Writing Resources

Writing in Psychology: A guide to helping you write for our classes

Psychologists have some fundamental ways of looking at individuals and doing scholarly work. Sometimes outsiders or newcomers misunderstand or are confused or surprised by the rituals, methods, and assumptions about our field. 

Our field tends to value the importance of evidence and the individuals who are the originators of concepts/theory/ideas. Often, personal anecdotes are not as valued. We tend to write in genres such as journal articles and research reports. We rarely write narratives or personal accounts.

We find writers to be credible when they include clear connections to previous work, expand upon that work, and have a clear focus. There is an expected structure to the communication, to help the reader anticipate what is to come and they support their research claims with strong empirical evidence.

Effective writing in Psychology tends to convey clearly new knowledge and has a distinct audience. 

Our citation practices embody and help enact our values and goals. You can see this in how we emphasize the name and the year in citations, valuing vintage, foundational, as well as contemporaneous accounts.

Thus, our advice to you when you write in our classes is: 

  • Look for a mix of both vintage and contemporary scholarly sources (understand their value)
  • Be sure to give credit to the work you are referencing (do so accurately following the APA guide)
  • Embrace your own voice and ability to paraphrase (avoid the use of quotations)
  • Only cite sources you have read yourself (as in the source in front of you, not the citations within the source)
  • Respect the order of authors, and give credit to all (do not reorder alphabetically, learn the citation rules for citing specific numbers of authors)
  • Use the resources available to you!

Need more help?

Helpful writing tips

Citations and APA Format

When in doubt, use APA format when writing in Psychology courses! A number of helpful resources are available for writing and citing in APA format, such as the Online Writing Lab (OWL) at Purdue University or the Style and Grammar Guidelines provided by the APA. A copy of the APA manual is available in the Center for Psychological Inquiry. 

Latin abbreviations

  • Et al. stands for et alia, which means “and other things.” Et is not an abbreviation and does not require a period after it. Al. is an abbreviation, and does require a period.
  • I.e. stands for id est, the Latin phrase meaning “that is.” Both letters are legitimate abbreviations, and so they both take periods. Use this abbreviation within the parentheses. The English phrase “that is” goes outside the parentheses. In either case, follow with a comma.
  • E.g. stands for exempli gratia, the Latin phrase meaning “for example.” Both letters are abbreviations and both require periods. Also, as above, if you use the phrase inside parentheses, use the Latin abbreviation, and outside the parentheses use the English equivalent. Either way, follow it with a comma.

Avoiding wordiness and redundancy

Avoid using more words than you need (based on the fact that = because), and try not to say the same thing twice (could be perhaps because = could be because). Eliminate all unnecessary words. Some examples include:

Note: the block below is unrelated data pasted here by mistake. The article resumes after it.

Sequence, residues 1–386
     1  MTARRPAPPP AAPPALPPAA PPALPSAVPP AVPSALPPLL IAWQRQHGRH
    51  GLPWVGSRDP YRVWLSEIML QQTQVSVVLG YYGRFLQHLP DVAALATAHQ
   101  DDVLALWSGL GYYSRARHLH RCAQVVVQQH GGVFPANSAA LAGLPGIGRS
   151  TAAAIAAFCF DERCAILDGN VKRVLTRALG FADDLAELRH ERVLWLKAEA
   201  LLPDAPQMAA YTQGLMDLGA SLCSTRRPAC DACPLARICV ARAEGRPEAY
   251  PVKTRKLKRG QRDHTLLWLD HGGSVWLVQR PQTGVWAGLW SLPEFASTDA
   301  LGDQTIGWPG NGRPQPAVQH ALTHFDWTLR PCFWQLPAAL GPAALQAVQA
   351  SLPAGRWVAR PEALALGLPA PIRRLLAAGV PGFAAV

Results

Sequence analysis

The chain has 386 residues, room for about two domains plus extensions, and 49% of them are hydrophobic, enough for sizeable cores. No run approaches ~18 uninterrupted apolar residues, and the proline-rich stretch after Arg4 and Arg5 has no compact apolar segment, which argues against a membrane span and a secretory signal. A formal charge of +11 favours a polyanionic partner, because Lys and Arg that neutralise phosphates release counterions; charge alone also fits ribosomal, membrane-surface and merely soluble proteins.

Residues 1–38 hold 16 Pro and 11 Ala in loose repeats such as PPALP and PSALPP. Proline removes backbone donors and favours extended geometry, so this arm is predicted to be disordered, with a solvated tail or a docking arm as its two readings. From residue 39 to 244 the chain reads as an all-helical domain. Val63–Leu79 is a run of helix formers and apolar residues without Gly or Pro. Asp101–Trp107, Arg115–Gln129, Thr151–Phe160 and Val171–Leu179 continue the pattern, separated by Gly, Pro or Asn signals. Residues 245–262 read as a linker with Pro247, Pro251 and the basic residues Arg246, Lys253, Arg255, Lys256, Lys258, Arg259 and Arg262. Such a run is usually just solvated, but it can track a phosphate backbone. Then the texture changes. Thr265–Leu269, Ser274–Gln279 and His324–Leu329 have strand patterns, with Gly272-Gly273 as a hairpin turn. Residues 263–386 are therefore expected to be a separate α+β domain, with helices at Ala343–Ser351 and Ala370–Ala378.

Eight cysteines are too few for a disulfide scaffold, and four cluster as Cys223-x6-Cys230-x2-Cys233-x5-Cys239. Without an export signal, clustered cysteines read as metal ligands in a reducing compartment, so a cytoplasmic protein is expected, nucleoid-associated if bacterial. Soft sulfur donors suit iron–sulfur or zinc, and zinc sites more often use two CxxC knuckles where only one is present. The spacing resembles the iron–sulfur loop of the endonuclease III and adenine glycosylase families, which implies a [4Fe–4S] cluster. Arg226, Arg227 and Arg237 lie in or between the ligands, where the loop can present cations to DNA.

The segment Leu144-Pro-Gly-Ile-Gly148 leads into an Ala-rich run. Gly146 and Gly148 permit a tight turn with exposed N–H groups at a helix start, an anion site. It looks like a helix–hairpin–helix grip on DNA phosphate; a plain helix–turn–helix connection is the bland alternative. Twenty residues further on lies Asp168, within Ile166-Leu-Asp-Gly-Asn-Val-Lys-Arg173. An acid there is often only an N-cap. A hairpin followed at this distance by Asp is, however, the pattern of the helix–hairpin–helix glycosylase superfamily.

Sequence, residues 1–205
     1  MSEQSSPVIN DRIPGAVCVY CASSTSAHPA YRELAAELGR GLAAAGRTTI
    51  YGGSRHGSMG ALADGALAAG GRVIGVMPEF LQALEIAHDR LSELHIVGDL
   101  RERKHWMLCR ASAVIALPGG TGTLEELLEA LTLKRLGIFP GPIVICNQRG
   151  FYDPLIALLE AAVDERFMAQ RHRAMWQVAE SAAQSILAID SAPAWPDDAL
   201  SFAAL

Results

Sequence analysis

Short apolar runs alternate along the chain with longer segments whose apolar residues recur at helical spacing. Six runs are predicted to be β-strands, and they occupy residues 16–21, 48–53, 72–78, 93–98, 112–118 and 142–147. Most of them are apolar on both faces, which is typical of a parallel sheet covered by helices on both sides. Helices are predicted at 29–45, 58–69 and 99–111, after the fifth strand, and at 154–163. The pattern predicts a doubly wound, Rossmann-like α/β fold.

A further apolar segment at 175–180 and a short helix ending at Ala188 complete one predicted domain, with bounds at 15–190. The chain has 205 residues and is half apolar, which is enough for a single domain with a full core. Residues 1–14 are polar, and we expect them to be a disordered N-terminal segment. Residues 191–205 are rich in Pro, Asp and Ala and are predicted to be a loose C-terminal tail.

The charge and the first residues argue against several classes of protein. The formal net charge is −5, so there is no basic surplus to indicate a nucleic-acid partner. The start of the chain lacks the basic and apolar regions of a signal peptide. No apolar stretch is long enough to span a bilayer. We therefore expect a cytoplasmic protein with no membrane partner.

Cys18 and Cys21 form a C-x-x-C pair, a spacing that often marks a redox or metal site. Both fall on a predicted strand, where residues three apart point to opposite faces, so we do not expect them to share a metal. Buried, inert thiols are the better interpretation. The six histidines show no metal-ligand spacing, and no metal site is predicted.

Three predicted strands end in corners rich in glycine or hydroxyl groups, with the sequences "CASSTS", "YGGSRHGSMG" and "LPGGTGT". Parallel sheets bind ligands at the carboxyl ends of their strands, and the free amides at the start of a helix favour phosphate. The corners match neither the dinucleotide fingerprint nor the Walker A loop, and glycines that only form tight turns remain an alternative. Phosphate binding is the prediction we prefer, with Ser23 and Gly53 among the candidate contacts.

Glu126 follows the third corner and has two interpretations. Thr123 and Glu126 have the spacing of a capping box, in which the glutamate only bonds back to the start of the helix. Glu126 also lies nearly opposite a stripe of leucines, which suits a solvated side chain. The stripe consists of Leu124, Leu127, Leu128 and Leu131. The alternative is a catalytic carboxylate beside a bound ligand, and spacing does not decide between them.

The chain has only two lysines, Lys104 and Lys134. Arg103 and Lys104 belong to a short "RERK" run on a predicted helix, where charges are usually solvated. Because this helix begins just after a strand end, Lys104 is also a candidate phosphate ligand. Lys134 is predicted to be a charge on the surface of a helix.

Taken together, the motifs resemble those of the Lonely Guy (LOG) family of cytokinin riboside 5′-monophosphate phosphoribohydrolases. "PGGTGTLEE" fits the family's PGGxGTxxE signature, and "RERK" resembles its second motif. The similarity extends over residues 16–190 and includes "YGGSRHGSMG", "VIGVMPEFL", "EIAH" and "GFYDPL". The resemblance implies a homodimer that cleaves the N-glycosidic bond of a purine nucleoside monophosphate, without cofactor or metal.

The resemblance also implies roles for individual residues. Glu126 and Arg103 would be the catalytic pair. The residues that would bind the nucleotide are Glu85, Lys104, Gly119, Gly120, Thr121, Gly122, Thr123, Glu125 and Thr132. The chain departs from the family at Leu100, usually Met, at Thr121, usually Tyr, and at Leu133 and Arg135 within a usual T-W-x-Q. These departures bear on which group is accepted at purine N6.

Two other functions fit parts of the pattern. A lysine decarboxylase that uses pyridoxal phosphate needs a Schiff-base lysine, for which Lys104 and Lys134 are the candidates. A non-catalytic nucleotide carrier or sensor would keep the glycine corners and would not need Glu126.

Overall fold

• The results revealed that…Omit the entire phrase and start your sentence with the word that would come next.
  • The obtained data showed = The data showed.
  • Participants for the study were = Participants were
  • Due to the facts that = because
  • The reason is because = The reason is
  • A total of eight participants = Eight participants
  • …has been previously found = has been found
  • In his study, Smith reported = Smith reported
  • Distinctly different. Choose one word or the other

General style guidelines

  • The title should be centered on a line on the upper half of the page and broken up, if necessary, at a meaningful point.
  • Do not use “the current study” or “the present study” to refer to someone else’s work.
  • Do not indicate what researchers thought, felt, believed or said. Use instead reported, have shown, and replicated.
  • Avoid long quotations and frequent brief quotations.
  • Do not refer to yourself as “we” and do not call the reader “you.”
  • Start every paragraph with a topic sentence and never write one-sentence paragraphs.
  • Do not write “he” when you mean “he or she.”
  • When talking about a child, use he or she, when talking about children, use they or their.
  • Do not leave prefixes hanging loose from words.
  • The plural of these singular words datum, criterion, phenomenon, stimulus, and hypothesis are data, criteria, phenomena, stimuli and hypotheses.
  • Introduce abbreviations in parentheses and use the abbreviations rather than the full term thereafter.
  • Use past tense to describe research findings – your own and those covered in your literature review.
  • Racial and ethnic group labels are proper nouns. Capitalize them.
  • The tone of technical writing is not conversational or informal. 
  • Contractions are illegal. Use apostrophes only to indicate possession. 
  • Use while in its temporal sense only. If you can’t substitute simultaneously, consider although or whereas.

Video: Nuts and Bolts of APA Format with Dr. Aaron Luebbe